In addition, the PP has asked him if he shares Sánchez's opinion regarding the former Andalusian presidents convicted by the ERE, Manuel Chaves and José Antonio Griñán, that "just pay for sinners" and if "the rush" of the Government to "occupy the Constitutional Court" have to do with a possible suspension of the entry into prison of the second, with whether "the pardon is being prepared" for both. Bal, for his part, has advocated reforming the law to prohibit pardons for corruption and for attacking territorial unity.
PP and Vox have also wanted to know what the "dejudicialization" of the "conflict" in Catalonia will mean, something on which the candidate has not spoken. "Will there be impunity for those who promote coups d'état, are you going to promote pardons so that the cowardly fugitives do not appear?" Ortega Smith snapped.
From another perspective, Jon Iñárritu (Bildu) has raised it, who has asked to resolve these "conflicts" with "politics"; Josep Pages (Junts), who has urged that "the FGE stop promoting judicial set-ups against the Catalan independence movement"; Genís Boadella (PDCat), who has urged to "lift the request of the accelerator of this premeditated action in the 'procedures'"; and Jaume Asens, from United We Can, who has demanded to put aside the "judicialization of politics".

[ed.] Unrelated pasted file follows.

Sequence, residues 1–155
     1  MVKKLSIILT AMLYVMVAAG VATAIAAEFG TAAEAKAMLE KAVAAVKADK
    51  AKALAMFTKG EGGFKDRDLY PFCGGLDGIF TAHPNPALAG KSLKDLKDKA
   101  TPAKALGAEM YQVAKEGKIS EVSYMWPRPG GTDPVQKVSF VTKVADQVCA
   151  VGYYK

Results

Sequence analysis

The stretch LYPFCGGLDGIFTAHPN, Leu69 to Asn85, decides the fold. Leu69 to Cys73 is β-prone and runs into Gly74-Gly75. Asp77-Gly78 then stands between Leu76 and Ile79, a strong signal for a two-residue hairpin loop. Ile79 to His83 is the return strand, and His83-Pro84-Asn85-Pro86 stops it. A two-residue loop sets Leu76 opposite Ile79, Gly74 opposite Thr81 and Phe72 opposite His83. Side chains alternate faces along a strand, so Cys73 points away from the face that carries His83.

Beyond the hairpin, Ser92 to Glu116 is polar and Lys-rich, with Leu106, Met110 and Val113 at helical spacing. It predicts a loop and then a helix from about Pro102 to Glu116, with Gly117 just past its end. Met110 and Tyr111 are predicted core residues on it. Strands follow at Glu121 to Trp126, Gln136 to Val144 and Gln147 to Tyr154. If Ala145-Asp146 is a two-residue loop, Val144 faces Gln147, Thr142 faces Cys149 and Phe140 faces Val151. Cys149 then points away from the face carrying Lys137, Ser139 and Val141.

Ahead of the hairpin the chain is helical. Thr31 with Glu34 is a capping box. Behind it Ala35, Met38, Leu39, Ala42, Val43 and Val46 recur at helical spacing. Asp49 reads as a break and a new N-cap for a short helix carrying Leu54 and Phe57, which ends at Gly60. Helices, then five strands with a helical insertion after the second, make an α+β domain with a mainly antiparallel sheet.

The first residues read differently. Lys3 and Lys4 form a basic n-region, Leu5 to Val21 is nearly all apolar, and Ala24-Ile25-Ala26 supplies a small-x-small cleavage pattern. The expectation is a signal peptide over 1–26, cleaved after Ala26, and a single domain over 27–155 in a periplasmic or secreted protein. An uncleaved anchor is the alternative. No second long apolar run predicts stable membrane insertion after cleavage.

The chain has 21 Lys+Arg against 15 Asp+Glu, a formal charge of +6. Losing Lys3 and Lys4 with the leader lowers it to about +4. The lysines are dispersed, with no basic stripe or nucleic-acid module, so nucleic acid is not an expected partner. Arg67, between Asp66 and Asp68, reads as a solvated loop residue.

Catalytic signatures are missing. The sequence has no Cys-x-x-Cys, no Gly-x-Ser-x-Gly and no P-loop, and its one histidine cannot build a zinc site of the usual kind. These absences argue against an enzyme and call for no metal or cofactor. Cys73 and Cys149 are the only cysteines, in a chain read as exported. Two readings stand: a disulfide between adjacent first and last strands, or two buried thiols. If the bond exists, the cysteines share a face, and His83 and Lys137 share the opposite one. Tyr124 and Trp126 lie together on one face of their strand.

The deputies of Bildu and Catalan parties have also urged him to get to the bottom of the investigations into the alleged espionage with Pegasus and have drawn his attention to the "sewers" of the State, something that Asens has also warned about for his intervention to "manufacture evidence" against the 'dwelling' formation.
The hearing has also served for García Ortiz to present his project, with which he has promised to reinforce the autonomy of the FGE and the "right to disagree" of the prosecutors; make the gender perspective "transversal"; strengthen the protection of minors and victims of trafficking; "redefine" the AN so that it adds to its anti-terrorist specialization the fight against corruption, drug trafficking and organized crime; and being attorney general for "all prosecutors."